Dealing with keyboards is mini-hell

It’s been a while since I’ve written about programming, but lately I’ve gotten back to working on Ultrawidify. With no major bugs or problems that require immediate fix, I can finally get to work on bugs and features that I’ve been kicking down the line for a while.

Problem of the week are, of course, keyboards (or keyboard layouts).

In javascript, you have roughly two ways of identifying the key the user has pressed. There’s event.keyCode, which gives you some number that’s associated with the key. Pro of using keyCode is that it’s going to be the same for a given key, regardless of keyboard layout. Con of this method is that keyCode is going to be the same for a given key, regardless of keyboard layout (+ a few other downsides).

To elaborate a bit further on the problem: a significant chunk of Europe uses QWERTZ layout. QWERTZ is much like QWERTY layout Americans (and the rest of Europe except France) are using, except ‘Z’ and ‘Y’ trade places. French weren’t content with swapping only two letters and came up with with AZERTY layout instead. Then you also have things like Dvorak and Colemak layouts, because some people insist it makes their typing much faster. As letters trade places around the keyboard with each different layout, the keycodes don’t.

As a result, you can never be sure what letter the end user get from pressing what key. On some layouts, keycode 90 will give you Y, on others Z. This means that if you base your keyboard shortcuts on a QWERTZ layout and have ‘Z’ as a shortcut for anything, French and QWERTY users will wonder why they have to press the Y key, and Dvorak users will just shout at you that keyboard shortcuts don’t work.

If your goal is to have keyboard shortcuts that won’t be flat out wrong for people using a different keyboard layout than your own, then keyCode is not the way. Handling different keyboard layouts is an easy road to code spaghettification. Most importantly, it’s a major pain in the ass. You’ll spend a lot of time on it, but with very little gain.

Fortunately for us, modern javascript provides a solution to that. Events for key handling come with a property event.key, which gives us the character we pressed.

Neat. Now I can just use this property for all my keyboard shortcuts. Since event.key gives us a specific character, I no longer have to pay attention. I can just say “press Z to zoom.” After all, the ‘z’ that event.key gives me is exactly the same, regardless of whether the user uses QWERTZ, QWERTY or something more exotic. Foolproof, isn’t it?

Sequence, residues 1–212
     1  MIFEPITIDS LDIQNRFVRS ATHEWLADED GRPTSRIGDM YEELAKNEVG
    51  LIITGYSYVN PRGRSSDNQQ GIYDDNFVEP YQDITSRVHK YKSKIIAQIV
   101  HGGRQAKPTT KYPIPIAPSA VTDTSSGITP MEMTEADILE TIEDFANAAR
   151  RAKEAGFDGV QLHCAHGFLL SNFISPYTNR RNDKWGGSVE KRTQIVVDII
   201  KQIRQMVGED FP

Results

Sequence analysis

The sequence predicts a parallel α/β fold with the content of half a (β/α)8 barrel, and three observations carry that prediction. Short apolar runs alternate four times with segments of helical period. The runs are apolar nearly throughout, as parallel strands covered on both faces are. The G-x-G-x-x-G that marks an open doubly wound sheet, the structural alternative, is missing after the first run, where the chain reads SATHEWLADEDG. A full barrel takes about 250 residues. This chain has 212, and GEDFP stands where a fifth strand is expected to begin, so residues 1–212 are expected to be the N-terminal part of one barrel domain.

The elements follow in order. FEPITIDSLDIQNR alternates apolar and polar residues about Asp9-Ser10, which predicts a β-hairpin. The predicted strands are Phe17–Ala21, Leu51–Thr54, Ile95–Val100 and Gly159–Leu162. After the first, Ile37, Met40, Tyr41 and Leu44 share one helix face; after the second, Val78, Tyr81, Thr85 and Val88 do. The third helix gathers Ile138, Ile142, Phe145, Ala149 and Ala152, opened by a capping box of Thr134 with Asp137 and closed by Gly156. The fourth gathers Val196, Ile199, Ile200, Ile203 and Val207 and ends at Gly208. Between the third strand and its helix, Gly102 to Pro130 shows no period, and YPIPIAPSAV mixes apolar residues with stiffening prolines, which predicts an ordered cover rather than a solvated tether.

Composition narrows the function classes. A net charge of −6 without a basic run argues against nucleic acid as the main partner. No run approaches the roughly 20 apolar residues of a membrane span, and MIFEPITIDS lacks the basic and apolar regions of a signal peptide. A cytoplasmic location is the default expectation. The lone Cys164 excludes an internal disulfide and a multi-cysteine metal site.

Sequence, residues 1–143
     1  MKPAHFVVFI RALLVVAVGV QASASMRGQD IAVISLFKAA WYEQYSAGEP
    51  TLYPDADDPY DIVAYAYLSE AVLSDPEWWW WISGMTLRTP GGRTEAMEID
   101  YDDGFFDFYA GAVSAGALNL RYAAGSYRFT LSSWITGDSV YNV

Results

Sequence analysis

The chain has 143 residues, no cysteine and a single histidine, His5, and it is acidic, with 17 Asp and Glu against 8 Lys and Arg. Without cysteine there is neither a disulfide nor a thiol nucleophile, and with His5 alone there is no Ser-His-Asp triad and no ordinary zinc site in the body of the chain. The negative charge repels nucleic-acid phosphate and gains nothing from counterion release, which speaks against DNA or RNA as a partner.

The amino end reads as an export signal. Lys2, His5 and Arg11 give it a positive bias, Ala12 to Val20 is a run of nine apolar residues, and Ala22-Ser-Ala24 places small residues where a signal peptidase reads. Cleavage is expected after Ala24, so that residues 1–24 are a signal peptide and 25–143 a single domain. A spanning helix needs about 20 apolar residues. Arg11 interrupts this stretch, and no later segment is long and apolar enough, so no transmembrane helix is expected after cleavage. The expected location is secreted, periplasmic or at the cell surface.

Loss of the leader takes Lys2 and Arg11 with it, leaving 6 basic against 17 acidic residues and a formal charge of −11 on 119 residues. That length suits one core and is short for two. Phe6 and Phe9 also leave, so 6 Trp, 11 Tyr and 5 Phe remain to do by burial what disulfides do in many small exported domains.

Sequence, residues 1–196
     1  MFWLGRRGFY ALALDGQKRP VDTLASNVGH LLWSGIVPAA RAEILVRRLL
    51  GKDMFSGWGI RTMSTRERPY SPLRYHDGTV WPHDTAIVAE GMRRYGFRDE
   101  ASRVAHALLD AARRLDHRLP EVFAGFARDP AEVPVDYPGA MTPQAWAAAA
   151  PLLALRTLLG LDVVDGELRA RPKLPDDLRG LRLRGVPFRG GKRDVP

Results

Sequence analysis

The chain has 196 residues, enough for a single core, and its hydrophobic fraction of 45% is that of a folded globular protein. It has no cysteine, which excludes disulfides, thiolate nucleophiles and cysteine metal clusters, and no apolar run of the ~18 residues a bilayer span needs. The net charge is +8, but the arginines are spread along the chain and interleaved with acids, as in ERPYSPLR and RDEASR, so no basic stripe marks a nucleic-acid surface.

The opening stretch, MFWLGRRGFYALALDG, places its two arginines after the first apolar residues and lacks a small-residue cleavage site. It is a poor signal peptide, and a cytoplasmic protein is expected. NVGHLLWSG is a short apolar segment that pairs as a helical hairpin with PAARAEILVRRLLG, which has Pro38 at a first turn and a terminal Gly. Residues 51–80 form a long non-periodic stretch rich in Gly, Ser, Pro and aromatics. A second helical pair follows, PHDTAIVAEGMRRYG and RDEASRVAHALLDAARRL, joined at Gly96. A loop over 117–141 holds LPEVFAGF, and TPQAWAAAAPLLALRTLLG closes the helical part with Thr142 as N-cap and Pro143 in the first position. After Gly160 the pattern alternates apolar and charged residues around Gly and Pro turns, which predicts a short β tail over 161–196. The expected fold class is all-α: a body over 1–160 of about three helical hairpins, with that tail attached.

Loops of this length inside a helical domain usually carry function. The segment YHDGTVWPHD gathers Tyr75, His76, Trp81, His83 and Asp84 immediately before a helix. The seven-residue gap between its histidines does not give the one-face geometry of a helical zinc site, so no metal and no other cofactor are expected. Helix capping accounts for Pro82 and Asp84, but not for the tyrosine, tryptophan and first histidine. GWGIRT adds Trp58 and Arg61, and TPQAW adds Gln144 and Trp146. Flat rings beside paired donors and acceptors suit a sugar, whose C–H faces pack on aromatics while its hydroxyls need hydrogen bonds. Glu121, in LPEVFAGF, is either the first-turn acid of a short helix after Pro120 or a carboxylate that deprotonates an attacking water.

image
Cyka blyat1and yes, I know ‘cyka blyat’ is just a DotA2/CSGO meme and doesn’t actually make sense in russian.

Wrong, sir, wrong.

True, event.key will return the same letter regardless of what keyboard layout you pressed said letter on. However, some letters are unpressable on certain keyboard layouts. If you’re using cyrillic (or anything non-latin), you’ll quickly find that keyboard shortcuts using even the standard ASCII letters no longer work.

Certainly a mild oversight on my part, but in my defence: the only reason I’ve started developing this extension is because at the time, there was no extension for fixing aspect ratio available for Firefox (Chrome did have a fair share of aspect ratio fixers such as Ultrawide Video, but those hadn’t been ported to Firefox until way later) and I really wanted the functionality. And when all you want is a swingset, why build a rollercoaster? The good old days.

But let’s get back to the topic at hand. If we want to fix the Russian problem, we’re in a bit of a tough spot. event.keyCode is starting to look better and better by the minute … except it doesn’t, really.

What can be done?

The options roughly boil down to the following:

1. Use event.keyCode to determine keys.

This option brings a lot of problems. Not only will there be issues with people using non-QWERTZ layouts (unless I spend unreasonable amount of time working on getting around that), using event.keycode would mean I have to rewrite lots of the existing code. More importantly — since all keys have been fully rebindable for a while in extension settings, I would have to decide between writing something that will correctly preserve keyboard shortcuts for existing users (annoying, quick StackOverflow recon didn’t give encouraging results), or reset keyboard shortcuts to default for everyone (easy but rather unacceptable. I don’t want another Nosedive).

2. Use event.keyCode to determine keys for new users, event.key for existing ones